Speaking as a scribe – with an unclean spirit - I‘m not sure what to think about this. I’m not saying I’m possessed; unless we’re talking about pride which more often than not is just the disguise worn by self-doubt. Truth is we are all possessed by unclean spirits, from overeating to overwork to sleeping one’s life away and as it turns out present day pastor scribes are no different than people in the pew especially when they pretend to be as holy as people in the pew might want them to be. I know I am taking this story in a direction it never intended to go but it occurs to me that the key to life in Christ was understood by the unclean spirits and rejected by the scribes. The unclean spirits “obeyed him.” The scribes crucified him. The good news for scribes with unclean spirits is that the Holy One of God did not come to destroy us but to give us life and love and freedom by calling us to come out of our places of possession. What is this? A new teaching? Maybe so. So obey and be free.

Thursday, January 21, 2021

Epiphany 3 B - Mark 1:14-20


Mark 1:14-20
Jesus has a one sentence sermon that says it all. The time is fulfilled – which means the future has come into the present. The kingdom of God has come near – which means God has come down to dwell with people and the reign of love is as close as your own breath. Repent – which is to say stop living in ways that deny the forever future reign of God can be realized today. Believe the good news – which means live like you trust it is true. The trouble is we have one foot firmly planted in the world while we tap a toe into the life of the forever future and never fully repenting of the past we never fully embrace the future. However, there are moments when random acts of kindness soften a harsh world or times when walking with a loved one right up to the edge of life death really does look like birth or when we become convinced of God’s love for us and others that we give ourselves and others a break and rejoice in the wonder of each moment. One sentence says it all.

Tuesday, January 19, 2021

Epiphany 3 B - Psalm 62:5-12

Psalm 62:5-12
Waiting in silence is not something that comes naturally to most, especially when unsteady circumstances call for a rock and salvation stronghold that cannot be shaken. Perhaps “pour out your hearts” should begin the psalm and “wait in silence” end it. Or maybe the two can be considered the same thing when one trusts that the God who searches hearts and minds knows what we need before we do. And even if our lives are relatively stable neither those of high degree nor low estate can long delay the inevitable for like a fleeting breath the span of life doesn’t even tip the scale of eternity. But if we trust our lives are in the hands of the one to whom steadfast love belongs we are able to endure even the specter of our inevitable end where we will be repaid according to our deeds for we believe because the rock of salvation was crowned with a cross “Lord have mercy” will not fall on deaf ears.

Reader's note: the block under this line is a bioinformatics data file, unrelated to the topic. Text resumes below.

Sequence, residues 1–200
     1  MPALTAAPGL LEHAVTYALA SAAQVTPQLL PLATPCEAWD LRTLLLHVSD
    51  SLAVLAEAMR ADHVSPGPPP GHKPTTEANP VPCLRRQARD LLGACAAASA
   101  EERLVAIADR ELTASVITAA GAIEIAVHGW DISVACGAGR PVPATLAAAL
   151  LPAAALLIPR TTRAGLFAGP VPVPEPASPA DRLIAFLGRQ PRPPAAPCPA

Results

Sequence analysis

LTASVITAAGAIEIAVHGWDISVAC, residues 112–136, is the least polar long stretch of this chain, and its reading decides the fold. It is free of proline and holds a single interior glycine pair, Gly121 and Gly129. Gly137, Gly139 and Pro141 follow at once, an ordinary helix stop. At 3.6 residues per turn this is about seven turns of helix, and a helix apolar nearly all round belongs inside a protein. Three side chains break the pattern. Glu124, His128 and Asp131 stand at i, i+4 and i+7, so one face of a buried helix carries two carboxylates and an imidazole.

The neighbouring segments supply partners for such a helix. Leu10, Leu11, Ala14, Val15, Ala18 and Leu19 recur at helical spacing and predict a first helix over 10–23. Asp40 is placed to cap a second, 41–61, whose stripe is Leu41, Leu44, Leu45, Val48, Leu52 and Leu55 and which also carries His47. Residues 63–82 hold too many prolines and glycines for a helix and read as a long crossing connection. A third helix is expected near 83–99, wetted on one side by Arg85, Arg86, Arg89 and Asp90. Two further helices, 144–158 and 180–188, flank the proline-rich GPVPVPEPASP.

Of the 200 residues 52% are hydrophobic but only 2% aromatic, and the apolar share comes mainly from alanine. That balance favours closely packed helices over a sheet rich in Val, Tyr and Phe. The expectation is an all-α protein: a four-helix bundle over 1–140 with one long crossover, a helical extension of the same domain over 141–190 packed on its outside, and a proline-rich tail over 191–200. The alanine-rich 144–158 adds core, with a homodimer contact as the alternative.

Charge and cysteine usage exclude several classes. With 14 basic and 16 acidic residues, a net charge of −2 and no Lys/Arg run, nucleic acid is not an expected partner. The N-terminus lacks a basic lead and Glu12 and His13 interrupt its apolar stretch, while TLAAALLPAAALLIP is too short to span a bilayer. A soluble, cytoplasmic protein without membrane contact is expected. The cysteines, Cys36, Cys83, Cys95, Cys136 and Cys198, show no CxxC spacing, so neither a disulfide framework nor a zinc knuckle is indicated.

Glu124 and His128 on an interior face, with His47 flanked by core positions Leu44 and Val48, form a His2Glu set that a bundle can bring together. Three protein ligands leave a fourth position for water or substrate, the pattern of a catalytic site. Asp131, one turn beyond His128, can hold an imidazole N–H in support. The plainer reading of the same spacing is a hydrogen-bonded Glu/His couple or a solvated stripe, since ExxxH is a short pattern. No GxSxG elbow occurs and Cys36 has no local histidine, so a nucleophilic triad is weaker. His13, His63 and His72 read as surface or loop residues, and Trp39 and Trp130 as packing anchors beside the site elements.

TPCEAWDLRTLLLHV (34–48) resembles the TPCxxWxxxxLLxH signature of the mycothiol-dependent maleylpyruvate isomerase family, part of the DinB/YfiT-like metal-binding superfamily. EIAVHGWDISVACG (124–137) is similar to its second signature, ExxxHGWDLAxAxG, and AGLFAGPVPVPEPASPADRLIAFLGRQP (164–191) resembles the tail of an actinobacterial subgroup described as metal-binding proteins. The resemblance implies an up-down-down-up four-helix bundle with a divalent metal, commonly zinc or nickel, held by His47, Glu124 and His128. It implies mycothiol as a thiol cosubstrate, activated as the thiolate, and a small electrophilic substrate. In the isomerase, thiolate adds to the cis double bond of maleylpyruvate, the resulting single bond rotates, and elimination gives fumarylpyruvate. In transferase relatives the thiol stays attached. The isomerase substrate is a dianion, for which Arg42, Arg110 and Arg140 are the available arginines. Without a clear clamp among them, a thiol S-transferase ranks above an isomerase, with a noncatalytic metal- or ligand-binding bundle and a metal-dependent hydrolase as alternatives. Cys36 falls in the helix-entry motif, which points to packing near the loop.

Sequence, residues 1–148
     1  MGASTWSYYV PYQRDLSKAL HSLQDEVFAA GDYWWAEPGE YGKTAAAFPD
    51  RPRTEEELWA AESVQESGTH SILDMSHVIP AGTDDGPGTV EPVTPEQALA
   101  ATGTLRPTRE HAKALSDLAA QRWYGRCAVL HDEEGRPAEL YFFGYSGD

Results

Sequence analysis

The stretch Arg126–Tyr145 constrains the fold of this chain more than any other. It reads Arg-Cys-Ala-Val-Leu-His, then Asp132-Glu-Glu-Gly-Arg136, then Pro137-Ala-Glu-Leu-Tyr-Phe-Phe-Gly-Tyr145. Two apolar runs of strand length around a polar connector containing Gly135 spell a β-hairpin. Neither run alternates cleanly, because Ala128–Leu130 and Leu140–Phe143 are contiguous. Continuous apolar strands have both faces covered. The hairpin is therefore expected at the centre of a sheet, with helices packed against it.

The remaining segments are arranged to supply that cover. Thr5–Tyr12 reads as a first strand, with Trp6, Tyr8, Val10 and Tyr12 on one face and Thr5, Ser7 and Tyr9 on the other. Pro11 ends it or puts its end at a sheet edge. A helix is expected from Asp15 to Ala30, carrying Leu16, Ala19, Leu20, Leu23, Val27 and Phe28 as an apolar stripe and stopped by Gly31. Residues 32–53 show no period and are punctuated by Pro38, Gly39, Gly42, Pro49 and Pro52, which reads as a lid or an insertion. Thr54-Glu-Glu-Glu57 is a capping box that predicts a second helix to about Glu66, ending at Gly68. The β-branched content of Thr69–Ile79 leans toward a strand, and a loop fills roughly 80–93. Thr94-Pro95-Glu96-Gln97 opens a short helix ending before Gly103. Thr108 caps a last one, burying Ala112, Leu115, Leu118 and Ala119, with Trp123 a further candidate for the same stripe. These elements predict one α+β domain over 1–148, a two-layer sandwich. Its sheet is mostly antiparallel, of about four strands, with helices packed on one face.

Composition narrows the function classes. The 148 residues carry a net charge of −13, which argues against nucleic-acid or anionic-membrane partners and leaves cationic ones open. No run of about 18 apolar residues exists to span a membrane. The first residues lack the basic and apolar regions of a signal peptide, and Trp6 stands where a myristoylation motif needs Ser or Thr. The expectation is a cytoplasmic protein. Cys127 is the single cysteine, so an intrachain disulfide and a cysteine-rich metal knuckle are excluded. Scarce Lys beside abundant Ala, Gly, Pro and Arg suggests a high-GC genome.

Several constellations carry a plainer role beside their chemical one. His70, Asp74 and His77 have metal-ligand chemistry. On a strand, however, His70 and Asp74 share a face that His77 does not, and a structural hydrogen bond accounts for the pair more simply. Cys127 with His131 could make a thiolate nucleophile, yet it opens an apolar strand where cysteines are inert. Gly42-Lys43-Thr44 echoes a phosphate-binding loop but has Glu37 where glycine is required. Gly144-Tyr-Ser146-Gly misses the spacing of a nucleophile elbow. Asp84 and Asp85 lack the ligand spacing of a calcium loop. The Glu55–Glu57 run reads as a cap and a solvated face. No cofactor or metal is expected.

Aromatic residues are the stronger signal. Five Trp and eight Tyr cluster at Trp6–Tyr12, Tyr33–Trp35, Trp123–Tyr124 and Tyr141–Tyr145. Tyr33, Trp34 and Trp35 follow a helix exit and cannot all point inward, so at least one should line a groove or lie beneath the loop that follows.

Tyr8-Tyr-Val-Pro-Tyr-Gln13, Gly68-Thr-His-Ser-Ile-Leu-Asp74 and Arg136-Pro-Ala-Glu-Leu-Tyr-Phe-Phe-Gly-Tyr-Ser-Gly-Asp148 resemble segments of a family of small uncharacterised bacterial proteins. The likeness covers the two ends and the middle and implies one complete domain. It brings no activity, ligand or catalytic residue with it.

Monday, January 18, 2021

Epiphany 3 B - Jonah 3:1-10

Jonah 3:1-10

God’s mind was changed but Jonah's heart was not. In the beginning of the story Jonah tries to avoid going to Nineveh because he believes God’s word and is counting on it. If the people of Nineveh do not repent they will be destroyed and since Jonah would like nothing more than that he goes in the opposite direction hoping to force God’s hand. But God trumps Jonah and has a great fish swallow him to get him to the church on time. Since the people of Nineveh worship a fish god in the form of a man Jonah doesn’t have to cry out very loudly to get the pagans to pay attention. Jonah is so angry he would rather die than endure God’s mercy for Israel’s enemies but then God is always more willing to forgive than we are. I know Lyle Lovett wasn’t thinking of this story when he wrote God Will but it seems to me if Jonah sang country he could put his heart into this song.  

“And who keeps on loving you
When you've been lying
Saying things ain't what they seem
God does
But I don't
God will
But I won't
And that's the difference
Between God and me.
Of course for those who believe the “difference between God and me” is Jesus means there is no difference, for those who have been forgiven are to forgive.

Thursday, January 14, 2021

Epiphany 2 B - John 1:43-51

John 1:43-51